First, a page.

Coffee table transformation

An old coffee table turned into a Southwest-inspired ottoman

We recently moved and I have this amazing sunroom that I am trying to Southwestify – yes, that’s a word.  I’ve collected a few pieces, including this amazing gold steer head I picked up at Target for $11! Can you believe that? $11?!?!?

gold steer head in antique frame

I wanted to incorporate a textile, but it is the only room in the house that is carpeted and rug on top of carpet seemed like a little much – even for me.  So, I got this great idea to repurpose an old coffee table into an ottoman.

Before I get into the how, you need the full story behind the coffee table to really appreciate it.  Repurposed furniture is great, but the stories behind these pieces are what makes them really special.

The coffee table saga: 

During my college years, when I was somewhat financially challenged, I furnished my house on hand-me-downs.  I literally had a sofa that my Uncle’s dog had chewed all the stuffing out of at one point.  In front of this sofa, sat my great-grandmother’s coffee table; which had seen better days.

The coffee table was a family joke.  My sister had watched it fall off the truck on the Will Rogers Turnpike. Nobody believed her until the highway patrol stopped to let them know. Needless to say, when a coffee table skids across the highway it gets a little mucked up, but nothing a little paint can’t handle.

To add insult to injury, Javier was still a puppy back then and decided coffee tables with corners were ridiculous and proceeded to chew them all off.  Distressed furniture was in, so I went with it.

I eventually upgraded my furniture, but I just couldn’t bring myself to get rid of the turnpike coffee table, so it went into storage in my sister’s garage for 10 years.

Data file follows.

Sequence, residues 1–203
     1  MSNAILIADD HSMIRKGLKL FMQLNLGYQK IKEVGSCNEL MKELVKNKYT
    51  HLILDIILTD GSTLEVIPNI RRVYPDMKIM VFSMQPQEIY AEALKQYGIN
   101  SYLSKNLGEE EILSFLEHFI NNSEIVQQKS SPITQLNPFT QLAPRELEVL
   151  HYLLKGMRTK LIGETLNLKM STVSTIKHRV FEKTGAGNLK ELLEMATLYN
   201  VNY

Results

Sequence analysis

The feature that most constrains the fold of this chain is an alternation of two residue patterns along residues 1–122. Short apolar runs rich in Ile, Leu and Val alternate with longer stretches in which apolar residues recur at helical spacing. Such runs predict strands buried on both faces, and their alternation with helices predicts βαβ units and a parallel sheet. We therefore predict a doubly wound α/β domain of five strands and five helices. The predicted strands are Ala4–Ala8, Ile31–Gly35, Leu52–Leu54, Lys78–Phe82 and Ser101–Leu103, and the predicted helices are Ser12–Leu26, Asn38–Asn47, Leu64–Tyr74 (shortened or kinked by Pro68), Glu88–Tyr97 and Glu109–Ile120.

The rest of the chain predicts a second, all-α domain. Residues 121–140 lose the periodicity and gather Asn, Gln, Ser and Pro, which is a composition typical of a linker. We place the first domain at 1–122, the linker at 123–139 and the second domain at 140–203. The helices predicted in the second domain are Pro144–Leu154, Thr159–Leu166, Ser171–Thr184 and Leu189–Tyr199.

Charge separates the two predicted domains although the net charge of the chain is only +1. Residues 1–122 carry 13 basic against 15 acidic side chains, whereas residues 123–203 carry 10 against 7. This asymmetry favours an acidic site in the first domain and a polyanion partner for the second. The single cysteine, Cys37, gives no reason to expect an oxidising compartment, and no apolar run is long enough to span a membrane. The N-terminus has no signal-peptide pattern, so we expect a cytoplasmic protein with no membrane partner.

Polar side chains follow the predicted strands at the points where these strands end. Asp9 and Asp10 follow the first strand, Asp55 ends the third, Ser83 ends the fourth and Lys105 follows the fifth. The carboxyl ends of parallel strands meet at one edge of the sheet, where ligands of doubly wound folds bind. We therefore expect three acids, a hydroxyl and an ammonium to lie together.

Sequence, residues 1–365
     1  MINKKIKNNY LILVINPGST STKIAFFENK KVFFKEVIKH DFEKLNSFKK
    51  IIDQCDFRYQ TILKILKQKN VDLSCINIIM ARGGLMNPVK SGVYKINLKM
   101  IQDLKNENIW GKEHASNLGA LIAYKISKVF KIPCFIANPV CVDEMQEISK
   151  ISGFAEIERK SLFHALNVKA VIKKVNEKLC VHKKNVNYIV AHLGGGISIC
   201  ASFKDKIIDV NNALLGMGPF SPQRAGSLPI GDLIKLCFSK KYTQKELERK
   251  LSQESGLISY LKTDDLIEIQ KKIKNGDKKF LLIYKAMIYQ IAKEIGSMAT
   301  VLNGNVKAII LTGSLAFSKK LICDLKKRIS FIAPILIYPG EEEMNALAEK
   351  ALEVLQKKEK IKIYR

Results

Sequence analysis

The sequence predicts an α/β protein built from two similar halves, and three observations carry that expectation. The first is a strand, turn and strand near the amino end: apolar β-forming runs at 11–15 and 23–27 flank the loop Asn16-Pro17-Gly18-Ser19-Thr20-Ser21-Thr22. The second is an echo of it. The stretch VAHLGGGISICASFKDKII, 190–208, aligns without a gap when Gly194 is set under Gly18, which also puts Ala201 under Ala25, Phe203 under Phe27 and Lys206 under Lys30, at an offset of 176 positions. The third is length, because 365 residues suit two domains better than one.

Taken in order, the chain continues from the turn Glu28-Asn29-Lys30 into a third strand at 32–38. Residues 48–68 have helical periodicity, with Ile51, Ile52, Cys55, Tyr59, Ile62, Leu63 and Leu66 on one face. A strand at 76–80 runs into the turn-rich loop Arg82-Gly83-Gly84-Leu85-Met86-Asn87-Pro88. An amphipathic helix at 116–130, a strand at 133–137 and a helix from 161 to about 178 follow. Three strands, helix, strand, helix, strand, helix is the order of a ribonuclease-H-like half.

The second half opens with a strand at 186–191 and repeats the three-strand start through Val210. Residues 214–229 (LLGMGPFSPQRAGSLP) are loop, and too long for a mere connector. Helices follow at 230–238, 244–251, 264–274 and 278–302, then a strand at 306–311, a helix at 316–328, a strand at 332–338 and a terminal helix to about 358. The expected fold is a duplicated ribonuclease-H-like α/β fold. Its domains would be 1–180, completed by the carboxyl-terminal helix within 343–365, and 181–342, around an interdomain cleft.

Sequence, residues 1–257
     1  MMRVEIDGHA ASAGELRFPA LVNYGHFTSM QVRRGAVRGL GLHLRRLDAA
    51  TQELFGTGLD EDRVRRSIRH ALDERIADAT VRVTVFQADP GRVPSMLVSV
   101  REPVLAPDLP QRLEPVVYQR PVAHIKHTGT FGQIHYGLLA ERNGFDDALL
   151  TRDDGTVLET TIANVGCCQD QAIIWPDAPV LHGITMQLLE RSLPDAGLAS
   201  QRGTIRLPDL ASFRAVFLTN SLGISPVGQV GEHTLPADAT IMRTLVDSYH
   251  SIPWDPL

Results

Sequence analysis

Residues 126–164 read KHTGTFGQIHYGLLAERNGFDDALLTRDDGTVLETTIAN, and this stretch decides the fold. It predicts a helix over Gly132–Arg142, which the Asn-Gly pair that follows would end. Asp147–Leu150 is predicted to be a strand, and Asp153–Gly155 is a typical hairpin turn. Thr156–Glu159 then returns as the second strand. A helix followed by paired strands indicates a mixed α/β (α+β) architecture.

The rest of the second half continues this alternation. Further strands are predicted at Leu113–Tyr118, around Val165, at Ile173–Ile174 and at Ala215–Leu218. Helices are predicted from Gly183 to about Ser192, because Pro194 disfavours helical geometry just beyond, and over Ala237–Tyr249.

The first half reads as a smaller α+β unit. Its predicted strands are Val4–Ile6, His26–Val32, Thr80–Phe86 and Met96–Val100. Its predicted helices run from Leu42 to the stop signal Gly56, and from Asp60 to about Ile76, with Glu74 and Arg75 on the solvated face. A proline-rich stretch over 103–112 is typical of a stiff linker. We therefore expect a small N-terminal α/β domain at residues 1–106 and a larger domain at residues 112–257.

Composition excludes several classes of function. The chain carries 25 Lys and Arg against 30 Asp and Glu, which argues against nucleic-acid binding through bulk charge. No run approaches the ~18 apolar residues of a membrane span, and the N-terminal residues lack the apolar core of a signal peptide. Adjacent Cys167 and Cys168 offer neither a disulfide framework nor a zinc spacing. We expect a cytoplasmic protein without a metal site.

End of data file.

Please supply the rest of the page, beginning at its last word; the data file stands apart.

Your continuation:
$40 of padded foam, a Mexican blanket, lots of staples and a few hours later, we had a new centerpiece for our sunroom. I’m pretty sure my
great-grandmother would be proud.

Coffee table repurposed into upholstered ottoman - southwest style


  • Coffee table
  • Staple gun and staples
  • Foam – I used the outdoor foam at Joann’s because it was more budget friendly – definitely use a coupon
  • Upholstery fabric or a Mexican blanket

First, we gave the coffee table a good scrubbing since it had been sitting in a garage for 10 years. Then, I took a long look at the chewed up corners and reminisced about Javier’s puppy years.

old coffee table with chewed up corners

Next, we cut the foam. To get just the right size, we laid the table on top of the foam and added a half an inch around the table it would cover the sides.

To add a little Southwest flair, I bought a Mexican blanket from the Casas por Cristo store  – it was only $14!  Score!  Much cheaper than upholstery fabric.

Because of the pattern of the blanket, I wanted to make sure the stripes were lined up right.  We marked the center of my table on both sides and then adjusted the fabric so the stripes were centered on each side of the table.  If you want to make this step a whole lot easier, use a SOLID.  There was no way I would have been happy with an ottoman covered with a solid because that would not be very Southwesty, so I took the extra 15 minutes to get everything lined up.

Layering blanket and foam to reupholster coffee table

Once everything was lined up, we cut the fabric.  You’ll want to cut enough excess so you can fold it over and staple it on the bottom.  But, too much excess can make it hard to work with, so take the time to fold it over and find the sweet spot.  I don’t like to measure, but my sister reminded me that I stink at eyeballing things, so I went around and marked the cut line so everything would be even.  In retrospect, eyeballing the cut line would have most likely resulted in disaster. Good call, sis! (My niece is standing on the table to keep it from shifting during the stapling process.)

stapling the ottoman

Almost finished! We used a staple gun to staple the blanket to the underside of the coffee table. We started by putting a few staples in one of the long sides and then put a few in the other to make sure the fabric didn’t shift.  We saved the corners until last and folded them like you would wrap a gift.  We cut a bit of the bulk of the fabric and foam to get them to lay better.  This may not be necessary if you are using a lighter weight fabric, but the Mexican blanket was very bulky.

Ta-da! She’s all done!

Coffee table repurposed into an upholstered ottoman